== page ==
FIES sap Phl economic growth
COMMONSENSE - Marichu A. Villanueva (The Philippine Star) - August 12, 2019 - 12:00am

For the next three years, the economic managers of President Rodrigo Duterte have set their sights to completing the journey set on Day One of his administration. The journey “from stability to prosperity” is the vision for the Philippines when the term of President Duterte ends by June 30, 2022.

Like the 74-year-old President Duterte, his economic managers led by his former Ateneo classmate, Department of Finance (DOF) Secretary Carlos Dominguez, are of the same age bracket. But capable young technocrats carry the ball for the economic team.

Two of them have in fact, both once worked with the smartest finance and economics wizards at the World Bank. They are Finance Undersecretary Karl Kendric Chua and assistant secretary Antonio Lambino. While it was raining hard last Friday, Chua and Lambino went out of their way to conduct a briefing for The STAR editors on the government’s economic program for the remaining half of the Duterte administration.

The so-called economic “millennials” of the DOF sought to clarify issues and concern being raised in media by tax critics of the Duterte administration. Specifically, Chua and Lambino explained in layman’s language the government’s new tax measures to raise much-needed funds, the bulk of which would go to President Duterte’s “Build, Build, Build” infrastructure program.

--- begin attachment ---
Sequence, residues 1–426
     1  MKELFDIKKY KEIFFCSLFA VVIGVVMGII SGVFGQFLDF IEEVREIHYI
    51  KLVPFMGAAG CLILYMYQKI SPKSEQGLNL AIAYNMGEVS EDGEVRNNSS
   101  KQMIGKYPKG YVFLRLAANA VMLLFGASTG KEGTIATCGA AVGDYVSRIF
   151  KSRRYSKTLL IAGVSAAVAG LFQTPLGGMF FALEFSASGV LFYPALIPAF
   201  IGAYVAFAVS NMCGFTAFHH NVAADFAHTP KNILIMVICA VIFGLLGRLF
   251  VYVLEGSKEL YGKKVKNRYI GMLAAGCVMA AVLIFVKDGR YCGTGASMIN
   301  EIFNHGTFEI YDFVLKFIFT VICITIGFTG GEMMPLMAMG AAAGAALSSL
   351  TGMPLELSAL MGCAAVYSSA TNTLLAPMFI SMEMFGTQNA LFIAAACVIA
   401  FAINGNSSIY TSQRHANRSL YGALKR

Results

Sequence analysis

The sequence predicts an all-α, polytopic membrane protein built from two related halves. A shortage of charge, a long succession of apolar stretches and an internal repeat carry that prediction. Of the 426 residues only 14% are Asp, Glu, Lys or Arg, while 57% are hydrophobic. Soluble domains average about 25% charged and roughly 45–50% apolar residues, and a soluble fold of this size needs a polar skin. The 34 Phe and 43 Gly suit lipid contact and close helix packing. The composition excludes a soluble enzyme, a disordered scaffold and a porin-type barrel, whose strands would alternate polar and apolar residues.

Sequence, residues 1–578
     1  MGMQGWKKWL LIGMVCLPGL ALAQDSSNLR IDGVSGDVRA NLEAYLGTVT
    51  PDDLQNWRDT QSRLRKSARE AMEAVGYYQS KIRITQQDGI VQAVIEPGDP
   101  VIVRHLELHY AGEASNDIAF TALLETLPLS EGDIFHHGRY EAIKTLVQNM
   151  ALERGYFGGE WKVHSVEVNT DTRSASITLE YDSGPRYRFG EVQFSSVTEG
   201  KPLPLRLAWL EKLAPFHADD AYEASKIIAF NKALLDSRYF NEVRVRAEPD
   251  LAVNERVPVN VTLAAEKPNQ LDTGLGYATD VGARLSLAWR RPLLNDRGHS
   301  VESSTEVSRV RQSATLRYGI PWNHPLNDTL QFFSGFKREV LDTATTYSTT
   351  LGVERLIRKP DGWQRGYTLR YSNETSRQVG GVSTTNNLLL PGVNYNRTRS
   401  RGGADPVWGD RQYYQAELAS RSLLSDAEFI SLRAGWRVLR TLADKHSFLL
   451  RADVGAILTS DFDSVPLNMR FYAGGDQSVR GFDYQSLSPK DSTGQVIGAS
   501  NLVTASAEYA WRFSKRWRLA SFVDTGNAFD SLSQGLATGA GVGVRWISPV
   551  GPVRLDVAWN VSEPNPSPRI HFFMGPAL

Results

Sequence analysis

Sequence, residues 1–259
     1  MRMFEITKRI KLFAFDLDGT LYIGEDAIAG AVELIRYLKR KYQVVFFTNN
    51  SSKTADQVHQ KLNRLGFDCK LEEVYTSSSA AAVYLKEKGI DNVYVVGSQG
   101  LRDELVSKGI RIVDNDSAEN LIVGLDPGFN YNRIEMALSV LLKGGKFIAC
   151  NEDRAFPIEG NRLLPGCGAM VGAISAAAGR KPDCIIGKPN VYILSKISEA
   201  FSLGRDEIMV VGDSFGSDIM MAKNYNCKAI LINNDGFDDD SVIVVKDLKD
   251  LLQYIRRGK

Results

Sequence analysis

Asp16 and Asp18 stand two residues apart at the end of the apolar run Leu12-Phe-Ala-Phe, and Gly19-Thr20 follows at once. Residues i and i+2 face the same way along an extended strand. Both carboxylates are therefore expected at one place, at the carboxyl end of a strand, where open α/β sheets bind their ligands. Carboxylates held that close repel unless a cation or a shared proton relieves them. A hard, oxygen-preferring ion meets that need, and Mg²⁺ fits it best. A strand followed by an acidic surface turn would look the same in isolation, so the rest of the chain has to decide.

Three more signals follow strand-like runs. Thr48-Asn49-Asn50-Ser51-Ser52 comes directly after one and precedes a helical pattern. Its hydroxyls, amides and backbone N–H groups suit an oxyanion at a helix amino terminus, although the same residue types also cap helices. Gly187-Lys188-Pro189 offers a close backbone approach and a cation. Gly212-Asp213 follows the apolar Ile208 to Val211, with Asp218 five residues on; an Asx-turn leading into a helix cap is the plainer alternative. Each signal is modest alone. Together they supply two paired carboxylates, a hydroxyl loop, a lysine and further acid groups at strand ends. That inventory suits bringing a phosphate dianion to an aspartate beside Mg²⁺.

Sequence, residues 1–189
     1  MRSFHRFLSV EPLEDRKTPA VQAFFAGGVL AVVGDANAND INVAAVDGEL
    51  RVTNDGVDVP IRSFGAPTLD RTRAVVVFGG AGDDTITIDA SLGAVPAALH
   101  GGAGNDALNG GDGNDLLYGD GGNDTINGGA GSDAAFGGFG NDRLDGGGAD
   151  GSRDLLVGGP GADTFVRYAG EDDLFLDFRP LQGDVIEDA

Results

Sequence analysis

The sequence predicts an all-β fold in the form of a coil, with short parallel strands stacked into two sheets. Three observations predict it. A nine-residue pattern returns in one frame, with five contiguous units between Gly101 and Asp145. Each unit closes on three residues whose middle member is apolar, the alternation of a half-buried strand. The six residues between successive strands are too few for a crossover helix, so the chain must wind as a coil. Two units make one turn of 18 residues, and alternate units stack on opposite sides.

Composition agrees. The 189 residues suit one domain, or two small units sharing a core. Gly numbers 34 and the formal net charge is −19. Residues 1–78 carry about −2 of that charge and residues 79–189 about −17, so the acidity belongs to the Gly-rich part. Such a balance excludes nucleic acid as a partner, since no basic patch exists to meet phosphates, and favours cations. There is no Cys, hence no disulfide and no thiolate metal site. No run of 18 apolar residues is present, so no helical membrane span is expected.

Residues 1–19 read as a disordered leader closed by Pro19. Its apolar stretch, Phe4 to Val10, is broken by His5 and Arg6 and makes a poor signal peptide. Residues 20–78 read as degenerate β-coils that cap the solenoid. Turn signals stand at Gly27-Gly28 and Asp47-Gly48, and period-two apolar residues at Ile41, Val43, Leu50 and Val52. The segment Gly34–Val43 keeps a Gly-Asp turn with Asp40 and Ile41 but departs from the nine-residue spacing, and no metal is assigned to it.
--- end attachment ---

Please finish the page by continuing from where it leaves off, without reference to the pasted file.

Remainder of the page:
President Duterte first submitted a five-point Comprehensive Tax Reform Program (CTRP) for approval into law during the 17th Congress. Chua cited the entire CTRP was designed to help transform the Philippine economy “through rapid and sustained growth, faster poverty reduction, and more opportunities for all.”

 The President signed into law the first CTRP package – called the Tax Reform Acceleration and Inclusion or TRAIN Law for short – in December 2017. The TRAIN Law under Republic Act (RA) 10963, among other things, reduced the personal income tax of individual taxpayers but also imposed excise tax on diesel and other petroleum products, automobiles, cosmetic, on so-called “sweetened” beverages, tobacco, coal and mining.

TRAIN Law took effect on Jan.1, 2018 with its initial birth pains causing the country’s inflation – worsened by the global crude oil price crunch and rice crisis – to hit a record high during its first year of implementation.

Thus, only the first package of the five-point CTRP passed through the 17th Congress.

The second CTRP package is called the proposed Tax Reform for Attracting Better and High-Quality Opportunities or Trabaho bill for short. The Trabaho bill is now renamed as Corporate Income Tax and Incentive Reform Act or Citira. Among the principal authors behind the crafting of the CTRP that included the TRAIN Law, Albay Rep. Joey Salceda changed it to Citira to reflect the exact intent of the proposed tax reform rather than calling it Trabaho bill that creates false expectations that it could produce jobs.